We are witnessing a glaring example of this injustice in Detroit, where water is being cut off to residents who have not been up to date in paying their bills for a basic human survival need: water. The New Scientist recently reported on warnings that this may lead to a public health crisis:
The decision by the bankrupt city of Detroit to cut off the water supply to 80,000 homes with outstanding water bills is a public health disaster in the making, says the largest professional association of nurses in the US.
National Nurses United has called for an immediate moratorium on the shut-offs, and is leading a march in Detroit on Friday to make its demands clear.
The policy has been condemned by the United Nations as an international human rights violation.
"Nurses know the critical link between access to water and public health," said NNU co-president Jean Ross in a statement released by the organisation. "Lack of water, like unsafe sanitation, is a major health disaster that can lead to disease outbreaks and pandemics. The city must end this shut-off now."
A July 15 Truthout Op-Ed, "A National Call: Come to Detroit, Link Arms to Stop the Water Shut Offs and Fight for Democracy," by Ben Ptashnik excoriates the neoliberal attack on the most basic rights of humans:
The pawns in this crisis, the impoverished residents of Detroit, have already suffered the globalization of this rust belt region, as corporations took their production south, and then abroad. They are underemployed and struggling just to feed their families. The last thing they need is to be viciously set upon by the governor and his Darth Vader-like "manager" who now threaten their health by shutting off the water, the essential basis of civilized life. This attack would never see the light of day in an all-white community. The water shut-off preys most viciously on the poor and sick, elderly, children and pregnant women.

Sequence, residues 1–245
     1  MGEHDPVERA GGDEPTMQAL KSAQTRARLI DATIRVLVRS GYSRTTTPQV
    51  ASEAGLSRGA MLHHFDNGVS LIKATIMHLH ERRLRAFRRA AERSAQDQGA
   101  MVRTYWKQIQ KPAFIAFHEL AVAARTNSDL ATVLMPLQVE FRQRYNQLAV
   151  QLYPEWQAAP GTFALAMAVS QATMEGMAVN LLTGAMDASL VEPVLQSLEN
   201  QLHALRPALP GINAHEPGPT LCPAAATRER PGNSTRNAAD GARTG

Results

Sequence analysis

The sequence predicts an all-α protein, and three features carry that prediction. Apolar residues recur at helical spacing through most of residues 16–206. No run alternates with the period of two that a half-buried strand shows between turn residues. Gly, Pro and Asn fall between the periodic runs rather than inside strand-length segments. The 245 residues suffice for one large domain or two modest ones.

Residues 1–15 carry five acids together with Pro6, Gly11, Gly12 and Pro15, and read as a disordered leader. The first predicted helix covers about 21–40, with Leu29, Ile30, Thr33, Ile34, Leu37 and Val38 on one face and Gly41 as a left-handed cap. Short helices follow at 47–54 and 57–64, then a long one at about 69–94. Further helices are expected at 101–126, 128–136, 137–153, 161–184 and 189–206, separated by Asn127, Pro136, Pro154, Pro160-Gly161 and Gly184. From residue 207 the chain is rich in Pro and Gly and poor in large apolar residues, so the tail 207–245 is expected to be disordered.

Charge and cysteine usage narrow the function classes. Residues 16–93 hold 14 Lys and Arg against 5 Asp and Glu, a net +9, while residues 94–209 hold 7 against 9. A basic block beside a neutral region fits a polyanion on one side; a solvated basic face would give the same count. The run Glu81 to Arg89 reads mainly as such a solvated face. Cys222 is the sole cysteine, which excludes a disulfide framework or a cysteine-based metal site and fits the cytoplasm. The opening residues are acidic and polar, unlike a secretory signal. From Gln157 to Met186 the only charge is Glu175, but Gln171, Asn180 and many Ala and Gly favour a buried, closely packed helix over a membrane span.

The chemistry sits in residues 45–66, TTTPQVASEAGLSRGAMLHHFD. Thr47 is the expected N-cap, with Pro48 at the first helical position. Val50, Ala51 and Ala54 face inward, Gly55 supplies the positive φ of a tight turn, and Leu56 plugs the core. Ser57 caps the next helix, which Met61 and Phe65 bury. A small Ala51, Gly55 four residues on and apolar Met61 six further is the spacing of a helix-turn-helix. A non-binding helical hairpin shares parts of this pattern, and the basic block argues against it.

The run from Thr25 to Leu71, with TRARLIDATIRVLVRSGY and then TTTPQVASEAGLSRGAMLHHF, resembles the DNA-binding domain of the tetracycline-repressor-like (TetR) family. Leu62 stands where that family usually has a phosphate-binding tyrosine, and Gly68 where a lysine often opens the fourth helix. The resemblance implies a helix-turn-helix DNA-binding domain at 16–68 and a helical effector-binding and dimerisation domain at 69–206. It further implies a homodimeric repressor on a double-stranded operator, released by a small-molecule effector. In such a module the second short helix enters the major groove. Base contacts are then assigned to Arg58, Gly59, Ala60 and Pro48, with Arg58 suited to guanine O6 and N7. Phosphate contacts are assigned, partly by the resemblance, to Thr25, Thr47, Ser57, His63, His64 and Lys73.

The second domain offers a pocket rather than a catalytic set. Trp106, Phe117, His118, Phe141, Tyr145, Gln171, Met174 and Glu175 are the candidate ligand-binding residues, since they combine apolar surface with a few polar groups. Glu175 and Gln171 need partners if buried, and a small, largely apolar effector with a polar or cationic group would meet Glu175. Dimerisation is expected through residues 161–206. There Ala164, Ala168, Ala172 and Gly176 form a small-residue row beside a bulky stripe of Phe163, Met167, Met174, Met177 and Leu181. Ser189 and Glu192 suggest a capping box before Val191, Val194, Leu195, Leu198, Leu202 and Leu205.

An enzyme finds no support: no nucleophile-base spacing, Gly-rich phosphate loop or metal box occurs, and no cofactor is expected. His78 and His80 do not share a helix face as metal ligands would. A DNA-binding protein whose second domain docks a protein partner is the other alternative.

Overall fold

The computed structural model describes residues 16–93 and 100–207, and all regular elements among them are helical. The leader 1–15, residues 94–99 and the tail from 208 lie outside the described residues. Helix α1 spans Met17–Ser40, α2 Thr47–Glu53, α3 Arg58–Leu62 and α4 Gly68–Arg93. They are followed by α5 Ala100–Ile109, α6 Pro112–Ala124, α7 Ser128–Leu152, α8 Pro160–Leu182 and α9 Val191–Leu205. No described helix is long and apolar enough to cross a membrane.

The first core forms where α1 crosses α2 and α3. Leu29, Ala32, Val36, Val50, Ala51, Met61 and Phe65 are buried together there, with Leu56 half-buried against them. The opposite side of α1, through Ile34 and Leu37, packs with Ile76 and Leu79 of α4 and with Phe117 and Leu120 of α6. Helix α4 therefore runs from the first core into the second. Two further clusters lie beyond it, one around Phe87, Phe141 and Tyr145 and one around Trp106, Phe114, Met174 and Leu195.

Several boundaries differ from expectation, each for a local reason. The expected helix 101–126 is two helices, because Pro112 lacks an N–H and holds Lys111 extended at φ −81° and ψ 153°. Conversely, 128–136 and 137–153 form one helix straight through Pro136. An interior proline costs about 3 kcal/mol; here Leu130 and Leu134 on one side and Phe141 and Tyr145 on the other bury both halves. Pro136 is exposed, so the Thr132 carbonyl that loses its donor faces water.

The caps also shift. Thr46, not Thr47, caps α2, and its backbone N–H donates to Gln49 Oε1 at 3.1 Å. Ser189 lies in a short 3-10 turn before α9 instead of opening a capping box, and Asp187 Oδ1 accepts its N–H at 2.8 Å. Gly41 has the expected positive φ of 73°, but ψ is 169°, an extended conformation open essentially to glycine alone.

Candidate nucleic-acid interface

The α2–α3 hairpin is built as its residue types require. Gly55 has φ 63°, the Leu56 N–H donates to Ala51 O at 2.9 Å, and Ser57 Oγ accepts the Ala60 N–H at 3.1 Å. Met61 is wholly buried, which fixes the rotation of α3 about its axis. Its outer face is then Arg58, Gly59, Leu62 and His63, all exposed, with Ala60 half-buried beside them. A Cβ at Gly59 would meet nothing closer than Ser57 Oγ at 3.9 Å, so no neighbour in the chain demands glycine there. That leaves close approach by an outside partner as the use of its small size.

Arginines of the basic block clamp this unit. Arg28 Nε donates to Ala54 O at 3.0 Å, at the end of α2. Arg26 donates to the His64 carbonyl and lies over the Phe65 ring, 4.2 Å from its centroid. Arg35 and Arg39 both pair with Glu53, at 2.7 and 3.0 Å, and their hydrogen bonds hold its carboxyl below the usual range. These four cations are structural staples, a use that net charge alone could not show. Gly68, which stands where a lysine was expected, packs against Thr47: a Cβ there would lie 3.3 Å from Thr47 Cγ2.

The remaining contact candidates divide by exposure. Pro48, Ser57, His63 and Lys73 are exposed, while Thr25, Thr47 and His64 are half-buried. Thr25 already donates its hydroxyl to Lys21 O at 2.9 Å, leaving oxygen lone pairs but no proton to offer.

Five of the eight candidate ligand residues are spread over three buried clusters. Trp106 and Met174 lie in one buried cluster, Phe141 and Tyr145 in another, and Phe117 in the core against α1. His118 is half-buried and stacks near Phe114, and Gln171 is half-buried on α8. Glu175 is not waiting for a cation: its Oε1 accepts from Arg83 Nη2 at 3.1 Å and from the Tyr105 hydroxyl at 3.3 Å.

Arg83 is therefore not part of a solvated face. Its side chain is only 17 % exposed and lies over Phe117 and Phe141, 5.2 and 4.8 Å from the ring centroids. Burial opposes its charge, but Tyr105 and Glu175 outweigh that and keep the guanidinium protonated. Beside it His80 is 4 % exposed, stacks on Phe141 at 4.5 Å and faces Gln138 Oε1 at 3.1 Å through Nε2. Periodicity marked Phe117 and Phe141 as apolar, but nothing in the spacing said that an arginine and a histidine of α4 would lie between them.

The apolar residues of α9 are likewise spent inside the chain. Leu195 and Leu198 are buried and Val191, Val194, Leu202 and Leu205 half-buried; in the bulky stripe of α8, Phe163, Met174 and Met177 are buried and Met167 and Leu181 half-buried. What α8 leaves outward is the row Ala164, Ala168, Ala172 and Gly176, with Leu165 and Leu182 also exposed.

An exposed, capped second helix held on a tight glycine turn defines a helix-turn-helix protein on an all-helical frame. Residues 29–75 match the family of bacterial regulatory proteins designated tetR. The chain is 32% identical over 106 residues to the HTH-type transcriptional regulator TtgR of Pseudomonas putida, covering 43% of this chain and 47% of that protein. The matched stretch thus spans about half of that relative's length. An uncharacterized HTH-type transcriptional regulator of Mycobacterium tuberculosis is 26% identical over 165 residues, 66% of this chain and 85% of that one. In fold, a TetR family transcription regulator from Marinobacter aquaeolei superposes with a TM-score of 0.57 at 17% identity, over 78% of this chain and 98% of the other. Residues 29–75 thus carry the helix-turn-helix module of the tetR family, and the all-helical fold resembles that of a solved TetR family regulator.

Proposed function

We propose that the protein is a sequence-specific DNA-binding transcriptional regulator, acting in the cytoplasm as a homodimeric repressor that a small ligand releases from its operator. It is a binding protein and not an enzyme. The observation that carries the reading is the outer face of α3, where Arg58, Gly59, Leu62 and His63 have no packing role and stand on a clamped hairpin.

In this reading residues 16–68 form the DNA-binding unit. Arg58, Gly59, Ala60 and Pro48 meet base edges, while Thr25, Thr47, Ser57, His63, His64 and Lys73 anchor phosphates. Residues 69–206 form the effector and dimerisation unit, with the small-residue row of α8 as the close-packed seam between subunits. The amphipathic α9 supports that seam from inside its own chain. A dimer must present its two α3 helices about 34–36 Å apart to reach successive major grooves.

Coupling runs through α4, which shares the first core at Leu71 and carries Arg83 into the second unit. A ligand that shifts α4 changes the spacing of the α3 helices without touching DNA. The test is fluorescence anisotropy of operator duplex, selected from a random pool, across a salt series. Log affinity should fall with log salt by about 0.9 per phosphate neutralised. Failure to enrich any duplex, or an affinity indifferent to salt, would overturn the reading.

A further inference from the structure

While they are being cut off, millions of dollars are still owed to the city water department by a golf course, corporations, businesses and by thousand of homes foreclosed and now owned by banks or corporations. All of these have not been subjected to shut off, even when their bills are months or years overdue. It is obvious that the African-American community is disproportionately targeted by the governor's emergency manager, who has hired a private company (a wrecking crew) to perform the shut-offs, often without notice, of any resident who is overdue 60 days, on as little as $75.
Ptashnik's commentary on Truthout covers much more expansive ground than just the inhumane water shut-offs; it witheringly criticizes the neoliberal abandonment of Detroit and the current efforts to make a profit off of destroying the city's neighborhood infrastructure.
BILL BERKOWITZ FOR BUZZFLASH AT TRUTHOUT
There is no contesting the fact that high-profile religious right leaders from the United States helped set the table for Uganda's appalling anti-gay laws. Now, emboldened by "victories" in Uganda and the prospect for further discriminatory legislation in other African countries, and Vladimir Putin's anti-gay laws in Russia, some elements of the religious right appear to be setting their sights on Ukraine.